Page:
Brown-Forman has another cooperage, in Decatur, Ala., dedicated to Jack Daniel’s, and a used barrel cooperage in Lynchburg, Tenn. The company also owns stave mills in Alabama, Tennessee and, soon, in Spencer, Ind. The mills cut trees for the cooperages.
Wood comes only from one type of tree, quercus alba, or white oak, which grows as far south as northern Alabama and all up the Appalachian Mountains into New York and Pennsylvania, as well as in the Ozarks and north into Minnesota. Trees in the north grow more slowly, because they get less sunlight and have a shorter growing season. That changes the wood’s porosity and grain structure. While the tree’s flavor would be the same, the density would change how the barrel would breathe, Morris said. Barrels from Southern wood would see more oxidation, making their product fruitier, but for its barrels, the company combines woods from all areas.
Morris explained that owning its cooperage has allowed Brown-Forman to experiment with different types of wood, which independent cooperages cannot afford to do. As a result, Brown-Forman coopers have developed an unmatched expertise.
Andrew Faulkner, vice president of the American Distilling Institute, said owning its own cooperage also gives Brown-Forman greater control over the supply chain. That kind of control has been helpful since the bourbon business began to boom a few years ago.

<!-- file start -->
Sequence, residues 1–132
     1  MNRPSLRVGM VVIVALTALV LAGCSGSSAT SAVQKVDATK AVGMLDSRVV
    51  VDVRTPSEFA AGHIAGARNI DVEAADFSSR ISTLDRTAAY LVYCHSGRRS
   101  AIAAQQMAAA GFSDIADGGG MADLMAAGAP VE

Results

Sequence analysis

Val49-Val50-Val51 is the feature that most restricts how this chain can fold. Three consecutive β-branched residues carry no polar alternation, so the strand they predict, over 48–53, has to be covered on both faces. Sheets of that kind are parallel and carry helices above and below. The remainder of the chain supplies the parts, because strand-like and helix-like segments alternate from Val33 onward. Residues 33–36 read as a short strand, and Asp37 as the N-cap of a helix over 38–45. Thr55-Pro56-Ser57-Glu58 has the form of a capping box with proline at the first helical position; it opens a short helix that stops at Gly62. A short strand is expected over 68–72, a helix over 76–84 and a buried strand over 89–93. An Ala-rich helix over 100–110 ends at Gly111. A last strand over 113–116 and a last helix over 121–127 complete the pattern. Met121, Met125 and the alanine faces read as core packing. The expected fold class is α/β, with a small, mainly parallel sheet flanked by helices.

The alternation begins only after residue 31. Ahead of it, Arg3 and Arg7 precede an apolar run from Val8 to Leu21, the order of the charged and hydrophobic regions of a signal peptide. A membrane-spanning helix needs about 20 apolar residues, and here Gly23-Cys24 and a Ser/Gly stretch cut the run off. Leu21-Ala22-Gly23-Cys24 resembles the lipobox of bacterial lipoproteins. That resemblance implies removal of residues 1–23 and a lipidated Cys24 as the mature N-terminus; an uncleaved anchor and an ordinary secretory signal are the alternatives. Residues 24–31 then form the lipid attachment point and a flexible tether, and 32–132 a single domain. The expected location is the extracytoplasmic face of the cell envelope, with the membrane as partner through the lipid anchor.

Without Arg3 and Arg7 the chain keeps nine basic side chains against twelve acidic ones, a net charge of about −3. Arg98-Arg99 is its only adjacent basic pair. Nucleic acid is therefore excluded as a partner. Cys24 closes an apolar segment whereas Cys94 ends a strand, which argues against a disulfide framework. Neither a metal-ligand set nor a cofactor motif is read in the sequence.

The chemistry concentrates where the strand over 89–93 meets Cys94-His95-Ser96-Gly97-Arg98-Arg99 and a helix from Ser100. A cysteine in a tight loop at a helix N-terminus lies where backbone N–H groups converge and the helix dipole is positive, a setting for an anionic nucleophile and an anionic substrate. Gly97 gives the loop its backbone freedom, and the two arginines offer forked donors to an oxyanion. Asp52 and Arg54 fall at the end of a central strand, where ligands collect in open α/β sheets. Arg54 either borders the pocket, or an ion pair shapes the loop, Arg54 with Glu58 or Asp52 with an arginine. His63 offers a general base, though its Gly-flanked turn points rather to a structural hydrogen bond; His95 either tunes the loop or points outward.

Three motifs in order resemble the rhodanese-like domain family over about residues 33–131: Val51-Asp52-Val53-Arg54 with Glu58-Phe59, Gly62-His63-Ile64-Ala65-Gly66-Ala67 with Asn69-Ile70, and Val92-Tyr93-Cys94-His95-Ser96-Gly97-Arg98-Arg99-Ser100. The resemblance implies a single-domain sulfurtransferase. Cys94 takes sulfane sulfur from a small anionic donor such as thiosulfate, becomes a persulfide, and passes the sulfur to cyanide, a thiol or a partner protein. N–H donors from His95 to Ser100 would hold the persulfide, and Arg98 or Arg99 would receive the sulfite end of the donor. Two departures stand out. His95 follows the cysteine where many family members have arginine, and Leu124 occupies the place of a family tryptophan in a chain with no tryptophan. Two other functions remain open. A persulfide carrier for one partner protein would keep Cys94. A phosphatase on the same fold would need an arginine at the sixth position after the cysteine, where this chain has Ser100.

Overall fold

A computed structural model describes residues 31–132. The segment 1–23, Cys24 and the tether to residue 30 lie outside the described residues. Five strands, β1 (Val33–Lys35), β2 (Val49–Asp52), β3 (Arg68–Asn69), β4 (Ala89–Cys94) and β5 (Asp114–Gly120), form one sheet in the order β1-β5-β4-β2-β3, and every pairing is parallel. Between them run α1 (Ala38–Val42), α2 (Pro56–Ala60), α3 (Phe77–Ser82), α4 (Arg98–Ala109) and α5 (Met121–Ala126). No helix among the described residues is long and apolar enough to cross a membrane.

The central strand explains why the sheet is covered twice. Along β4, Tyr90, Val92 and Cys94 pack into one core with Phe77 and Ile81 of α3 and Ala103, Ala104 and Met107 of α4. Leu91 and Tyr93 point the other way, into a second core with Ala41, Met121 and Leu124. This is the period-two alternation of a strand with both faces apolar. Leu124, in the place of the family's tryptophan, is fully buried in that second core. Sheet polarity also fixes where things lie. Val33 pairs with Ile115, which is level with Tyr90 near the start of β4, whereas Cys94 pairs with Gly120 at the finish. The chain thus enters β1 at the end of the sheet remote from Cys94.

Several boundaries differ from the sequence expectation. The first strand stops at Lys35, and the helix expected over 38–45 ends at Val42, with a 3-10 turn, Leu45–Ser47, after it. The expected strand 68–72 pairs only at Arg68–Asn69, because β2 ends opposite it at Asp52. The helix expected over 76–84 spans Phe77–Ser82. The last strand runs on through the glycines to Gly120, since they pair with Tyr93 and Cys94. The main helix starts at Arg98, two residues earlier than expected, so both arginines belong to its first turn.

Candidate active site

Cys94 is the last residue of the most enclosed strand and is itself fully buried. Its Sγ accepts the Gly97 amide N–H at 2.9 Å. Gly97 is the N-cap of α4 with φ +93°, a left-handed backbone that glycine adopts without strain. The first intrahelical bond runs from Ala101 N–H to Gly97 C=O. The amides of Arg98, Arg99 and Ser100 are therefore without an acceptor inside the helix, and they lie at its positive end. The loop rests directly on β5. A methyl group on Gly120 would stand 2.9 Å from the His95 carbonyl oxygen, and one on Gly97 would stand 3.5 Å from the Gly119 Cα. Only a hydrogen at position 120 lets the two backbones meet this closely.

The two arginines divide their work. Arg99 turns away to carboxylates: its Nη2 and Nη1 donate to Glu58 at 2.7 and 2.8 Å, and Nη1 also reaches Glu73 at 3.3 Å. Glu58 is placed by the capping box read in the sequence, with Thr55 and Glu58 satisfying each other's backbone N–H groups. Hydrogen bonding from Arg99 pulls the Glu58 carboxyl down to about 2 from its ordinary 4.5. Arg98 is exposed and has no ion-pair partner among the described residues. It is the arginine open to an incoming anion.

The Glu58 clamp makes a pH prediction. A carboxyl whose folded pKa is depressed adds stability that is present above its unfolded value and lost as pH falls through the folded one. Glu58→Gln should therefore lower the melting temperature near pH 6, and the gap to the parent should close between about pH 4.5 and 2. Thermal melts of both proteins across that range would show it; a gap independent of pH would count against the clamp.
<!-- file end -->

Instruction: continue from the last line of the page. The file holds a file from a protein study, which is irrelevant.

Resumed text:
Since 2009, domestic whiskey production has nearly doubled to 147 million proof gallons, while the flow of other distilled products — brandy, rum, vodka — has slowed.
Faulkner said the dynamics are starkly different from the 1970s, when vodka had grabbed the public’s attention and distillers were sitting on barrels of whisky they struggled to sell. After the slow food movement, craft cocktails made a comeback and piqued people’s interest in brown spirits, especially bourbons.
The higher demand for bourbon — and barrels — occurred at a time when many lumber mills had gone bankrupt after the housing market crashed, Faulkner said. And two years ago, a longer-than-normal rainy season in spring made roads into forests muddier and delayed lumber companies’ access to trees. The wood shortage made wood — and barrels — more expensive.
Years ago, a company bought bourbon from a bankrupt distiller for $450 a barrel, Faulkner said. “Now you can’t even get the barrel for (that.)”
Brown-Forman announced last summer it had acquired a mill in Spencer, Ind., near Bloomington, and would hire about 50 people to produce more staves for its cooperages, increasing capacity and reducing reliance on other mills.
Sense of pride
The company’s cooperage operation employs about 500, or about 11 percent of its total global workforce. Work in the cooperage takes a lot of skill, Morris said, especially the repairing of barrels that get damaged during production.
Employees have an average seniority of about 13 years, Morris said.
Michael Nelson, the cooperage plant director, said that keeping up with the industry boom has been a challenge — and a blessing.
The demand has meant longer days for some employees, including some work on Saturdays, but Nelson said cooperage employees take pride in their work, knowing their product has a significant impact on the company’s brands.
Nelson joined the cooperage about two years ago after working in the construction materials industry. He said that he, like many other cooperage employees, enjoy playing an important role in an industry that is steeped in Kentucky history.
“There’s nothing else out there like it,” he said.